PRK in Military

If you are thinking about having Lasik, IntraLasik, PRK, LASEK, Epi-Lasik, RLE, or P-IOL eye surgery, this is the forum to research your concerns or ask your questions.

PRK in Military

Postby prkmil » Mon Jan 08, 2007 3:08 am

I have a few questions regarding PRK procedures and I suppose I will number them to make the process a little easier. Just FYI I am 24 year old male. Current contact prescription is SPH -2.25 CYL -0.75 AX 070 BC 8.7 only difference in my right eye is AX=100. I have astigmatism but not sure how bad.

1. I am in the military, are there any reasons as to why the military would use PRK over any other surgery aside from LASIK flap?

2. I have been told by my optometrist that 20/20 is considered "Outcome failure", is this typical outlook on this type surgery?

3. I currently wear glasses, but have worn contacts for the past 13 years, I do not see as well with glasses as I do with contacts, will PRK be closer to the way I see with glasses or contacts or completely different? Dr. says glasses arent as good because they arent as close to the eye as contacts, causing simulated "tunnel vision". Current vision with glasses is 20/17 not sure with contacts but I know I can see better with contacts especially at night.

4. I have read and been told that contact wear after surgery is difficult or impossible, are there any percentages of this as to how many can wear contacts if they have to? Or is it pretty much gauranteed that you cant wear contacts after surgery?

5. I have to drive to another base to have the procedure done, and am given 5 days of sick leave is this enough to recover enough to drive back home, about 9 hour drive.

6. Is there anything I can do personally do to decrease my chances of not healing well causing my vision to not be 100%?

7. Is the chance of my vision after the surgery not being 20/20 or better effected by me, the laser, or the surgeon, or a combination of all or some? Can I do anything, or can I ask that the surgeon do anything to make the outcome better concerning my vision afterwards?

8. Can you think of anything else I might need to address that I might not have mentioned? Thanks
prkmil
 
Posts: 6
Joined: Sun Jan 07, 2007 11:28 pm

Re: PRK in Military

Postby LasikExpert » Mon Jan 08, 2007 4:37 am

prkmil wrote:I have a few questions regarding PRK procedures and I suppose I will number them to make the process a little easier. Just FYI I am 24 year old male. Current contact prescription is SPH -2.25 CYL -0.75 AX 070 BC 8.7 only difference in my right eye is AX=100. I have astigmatism but not sure how bad.


You have low myopia (nearsighted, shortsighted) vision and moderate astigmatism.

prkmil wrote:1. I am in the military, are there any reasons as to why the military would use PRK over any other surgery aside from LASIK flap?


The military does not allow personnel who participate in extreme environments, such as Special Forces or combat pilots, to have Lasik because of the concern with flap dislocation. You and those who rely on you would not want your vision compromised in a dangerous situation. The Naval Air Force is just now starting to evaluate Lasik for pilots, but a surface ablation technique like PRK, LASEK, or Epi-Lasik is currently preferred or required by the US military.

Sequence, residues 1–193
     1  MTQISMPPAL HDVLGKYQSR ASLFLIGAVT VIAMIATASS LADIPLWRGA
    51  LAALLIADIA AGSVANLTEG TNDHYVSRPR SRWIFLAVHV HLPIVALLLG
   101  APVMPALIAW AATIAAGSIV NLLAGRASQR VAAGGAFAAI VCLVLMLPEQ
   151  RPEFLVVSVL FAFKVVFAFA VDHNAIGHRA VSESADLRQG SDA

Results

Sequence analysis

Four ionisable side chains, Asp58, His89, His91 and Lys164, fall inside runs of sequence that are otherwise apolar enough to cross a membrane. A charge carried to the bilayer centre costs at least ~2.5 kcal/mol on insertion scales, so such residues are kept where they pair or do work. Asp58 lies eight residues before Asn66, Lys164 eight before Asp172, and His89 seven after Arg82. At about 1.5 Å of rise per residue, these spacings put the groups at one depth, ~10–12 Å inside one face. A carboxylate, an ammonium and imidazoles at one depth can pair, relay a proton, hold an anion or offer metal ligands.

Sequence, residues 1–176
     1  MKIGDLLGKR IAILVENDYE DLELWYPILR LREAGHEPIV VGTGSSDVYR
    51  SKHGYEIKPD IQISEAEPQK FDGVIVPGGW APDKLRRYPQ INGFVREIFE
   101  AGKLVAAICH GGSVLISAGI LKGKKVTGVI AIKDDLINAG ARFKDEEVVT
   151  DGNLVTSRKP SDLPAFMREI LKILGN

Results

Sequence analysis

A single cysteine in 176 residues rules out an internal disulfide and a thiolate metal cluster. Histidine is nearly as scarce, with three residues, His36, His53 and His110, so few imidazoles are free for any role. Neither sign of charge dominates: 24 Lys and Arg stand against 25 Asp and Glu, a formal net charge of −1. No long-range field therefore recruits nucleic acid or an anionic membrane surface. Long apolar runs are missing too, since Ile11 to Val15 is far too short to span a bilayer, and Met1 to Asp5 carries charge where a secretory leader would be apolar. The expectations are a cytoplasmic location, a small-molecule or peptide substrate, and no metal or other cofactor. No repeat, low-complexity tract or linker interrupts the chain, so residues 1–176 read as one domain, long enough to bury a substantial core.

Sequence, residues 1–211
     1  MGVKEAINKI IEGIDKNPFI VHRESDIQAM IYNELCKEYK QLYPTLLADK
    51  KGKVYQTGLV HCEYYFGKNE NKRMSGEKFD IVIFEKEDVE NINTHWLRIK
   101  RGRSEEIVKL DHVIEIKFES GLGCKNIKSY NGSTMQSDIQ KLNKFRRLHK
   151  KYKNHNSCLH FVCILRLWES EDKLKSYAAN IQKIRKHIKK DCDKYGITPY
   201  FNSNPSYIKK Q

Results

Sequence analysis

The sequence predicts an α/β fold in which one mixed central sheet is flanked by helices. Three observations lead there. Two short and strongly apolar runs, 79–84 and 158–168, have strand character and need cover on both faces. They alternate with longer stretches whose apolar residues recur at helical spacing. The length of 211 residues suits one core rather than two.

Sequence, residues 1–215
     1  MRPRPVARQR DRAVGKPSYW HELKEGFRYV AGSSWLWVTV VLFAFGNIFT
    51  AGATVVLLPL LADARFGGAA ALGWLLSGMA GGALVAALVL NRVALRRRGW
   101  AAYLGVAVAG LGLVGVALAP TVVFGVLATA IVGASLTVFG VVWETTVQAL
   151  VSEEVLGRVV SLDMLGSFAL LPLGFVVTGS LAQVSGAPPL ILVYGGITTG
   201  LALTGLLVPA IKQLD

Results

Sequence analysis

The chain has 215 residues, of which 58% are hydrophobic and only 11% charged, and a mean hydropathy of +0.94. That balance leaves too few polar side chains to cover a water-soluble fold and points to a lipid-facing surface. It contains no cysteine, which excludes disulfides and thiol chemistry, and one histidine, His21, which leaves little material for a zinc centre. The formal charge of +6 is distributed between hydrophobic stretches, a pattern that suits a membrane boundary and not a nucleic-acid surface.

prkmil wrote:2. I have been told by my optometrist that 20/20 is considered "Outcome failure", is this typical outlook on this type surgery?


That is not the whole story. I think what may have been meant is that you can still have a poor outcome even if you achieve 20/20.

The Snellen 20/whatever vision acuity testing system is not always the best way to measure refractive surgery outcomes. Recognizable black letters on a white background in a controlled environment is not a real world experience - especially if your world is the military. There are additional tests that can provide an evaluation of the quality of vision, such as contrast sensitivity.

prkmil wrote:3a. I currently wear glasses, but have worn contacts for the past 13 years, I do not see as well with glasses as I do with contacts, will PRK be closer to the way I see with glasses or contacts or completely different?


Probably closer to the way you see in contact lenses, but discuss this with the surgeon.

prkmil wrote:3b. Dr. says glasses arent as good because they arent as close to the eye as contacts, causing simulated "tunnel vision".


The entire corrected visual field must fit within the width of your glasses, which is limited. Most contacts correct the full visual field.

Contacts have other advantages too. They help smooth the outermost layer of corneal cells (epithelium) and can correct some small topographical irregularities in the cornea.

prkmil wrote:Current vision with glasses is 20/17 not sure with contacts but I know I can see better with contacts especially at night.


This may be a why your doctor said that 20/20 could be considered a failure. Your vision is better than 20/20, but it is unreasonable to expect vision after refractive surgery to be better than 20/20 "normal" vision. If you get normal vision with surgery, you would actually be taking a step down.

prkmil wrote:4. I have read and been told that contact wear after surgery is difficult or impossible, are there any percentages of this as to how many can wear contacts if they have to? Or is it pretty much gauranteed that you cant wear contacts after surgery?